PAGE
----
South Africa's deputy finance minister received a death threat shortly before issuing a statement accusing a wealthy family with links to President Jacob Zuma of offering him the job of finance minister, the Business Day newspaper said on Thursday.
As he was preparing his bombshell statement, Mcebisi Jonas received a text message from a "prominent businessman" telling him to be quiet, the paper - South Africa's main business daily - said.
"Please keep your own counsel. Martyrdom is best left to Christ," the text message read. The paper did not identify the sender.
The report is the latest twist in a saga that has rocked the government of Africa's most advanced economy, amid suggestions the Gupta family, whose business empire stretches from media to mining, have had a hand in top political decisions.
That may even have stretched to Zuma's decision to sack respected finance minister Nhlanhla Nene in December, a move that sent financial markets and the rand into a tail-spin.
In his Wednesday statement, Jonas said the Guptas had offered him Nene's job but he rejected it "out of hand" on the grounds that it made a mockery of South Africa's 22-year-old democracy.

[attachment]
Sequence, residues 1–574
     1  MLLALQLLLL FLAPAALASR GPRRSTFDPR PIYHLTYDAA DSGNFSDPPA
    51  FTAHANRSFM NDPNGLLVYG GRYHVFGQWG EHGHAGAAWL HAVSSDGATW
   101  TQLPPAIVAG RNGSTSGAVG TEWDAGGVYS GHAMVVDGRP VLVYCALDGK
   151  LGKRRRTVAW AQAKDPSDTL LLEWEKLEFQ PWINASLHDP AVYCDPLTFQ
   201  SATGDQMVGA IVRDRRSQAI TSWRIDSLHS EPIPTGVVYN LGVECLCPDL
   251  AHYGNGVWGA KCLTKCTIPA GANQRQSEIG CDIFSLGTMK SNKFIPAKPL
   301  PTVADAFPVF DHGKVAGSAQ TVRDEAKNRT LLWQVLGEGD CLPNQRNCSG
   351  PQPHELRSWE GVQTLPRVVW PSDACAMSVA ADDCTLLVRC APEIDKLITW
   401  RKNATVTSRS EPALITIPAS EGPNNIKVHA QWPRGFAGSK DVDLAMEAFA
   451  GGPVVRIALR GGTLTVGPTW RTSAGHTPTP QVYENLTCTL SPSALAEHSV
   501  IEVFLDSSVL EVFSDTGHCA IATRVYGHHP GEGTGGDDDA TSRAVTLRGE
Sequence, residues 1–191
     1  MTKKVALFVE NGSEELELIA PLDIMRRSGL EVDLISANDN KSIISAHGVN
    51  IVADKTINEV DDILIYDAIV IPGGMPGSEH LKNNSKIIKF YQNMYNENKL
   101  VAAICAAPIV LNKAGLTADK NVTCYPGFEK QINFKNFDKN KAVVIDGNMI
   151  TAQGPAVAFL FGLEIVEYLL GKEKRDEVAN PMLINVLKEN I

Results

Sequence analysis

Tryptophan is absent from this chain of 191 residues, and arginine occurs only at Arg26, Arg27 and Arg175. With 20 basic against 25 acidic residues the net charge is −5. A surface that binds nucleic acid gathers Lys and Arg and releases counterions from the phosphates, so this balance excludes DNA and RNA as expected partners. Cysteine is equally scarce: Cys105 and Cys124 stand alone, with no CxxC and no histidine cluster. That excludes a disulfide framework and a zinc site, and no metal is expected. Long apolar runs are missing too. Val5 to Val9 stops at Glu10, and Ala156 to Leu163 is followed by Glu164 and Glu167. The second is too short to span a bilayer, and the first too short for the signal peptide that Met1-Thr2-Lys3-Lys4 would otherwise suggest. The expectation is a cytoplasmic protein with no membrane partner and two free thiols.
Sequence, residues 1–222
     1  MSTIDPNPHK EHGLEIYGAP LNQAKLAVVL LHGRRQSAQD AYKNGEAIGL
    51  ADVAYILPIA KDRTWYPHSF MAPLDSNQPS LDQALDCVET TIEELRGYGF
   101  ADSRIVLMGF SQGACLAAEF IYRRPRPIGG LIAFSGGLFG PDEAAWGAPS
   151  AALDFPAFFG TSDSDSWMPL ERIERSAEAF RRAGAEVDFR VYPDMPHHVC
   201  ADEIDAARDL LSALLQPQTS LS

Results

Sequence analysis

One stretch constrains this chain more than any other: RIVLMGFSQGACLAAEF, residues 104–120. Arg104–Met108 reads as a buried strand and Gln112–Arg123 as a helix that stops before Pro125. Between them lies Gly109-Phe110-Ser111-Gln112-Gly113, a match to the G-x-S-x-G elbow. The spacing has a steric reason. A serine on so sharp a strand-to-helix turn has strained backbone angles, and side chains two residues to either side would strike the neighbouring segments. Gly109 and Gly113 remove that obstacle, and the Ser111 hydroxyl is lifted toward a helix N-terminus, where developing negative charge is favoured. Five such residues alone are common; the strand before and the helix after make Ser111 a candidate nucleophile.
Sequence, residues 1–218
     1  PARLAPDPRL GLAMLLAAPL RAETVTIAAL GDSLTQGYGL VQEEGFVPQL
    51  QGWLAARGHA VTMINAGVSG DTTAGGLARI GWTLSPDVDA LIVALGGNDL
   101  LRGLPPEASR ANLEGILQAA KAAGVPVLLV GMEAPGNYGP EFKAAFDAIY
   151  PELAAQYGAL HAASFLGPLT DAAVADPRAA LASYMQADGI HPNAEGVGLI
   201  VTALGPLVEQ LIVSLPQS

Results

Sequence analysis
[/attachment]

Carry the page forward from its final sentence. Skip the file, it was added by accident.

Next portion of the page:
Zuma is due to answer questions in parliament on Thursday, and the ruling African National Congress (ANC) is holding a scheduled meeting of its top brass this weekend at which the scandal will be discussed.
The opposition have called for Zuma's resignation, saying the entire cabinet is compromised, and its main spokesman, Zizi Kodwa, said the party had to "send a clear message, unequivocally" that it could not be unduly influenced.
However, Secretary General Gwede Mantashe said it would not be making any hasty decisions.
"Let's leave that to the processes of the ANC," he told 702 Talk Radio.
The Guptas, who sit on the boards of at least six companies with Zuma's son, Duduzane, denied making job offers to anyone in government.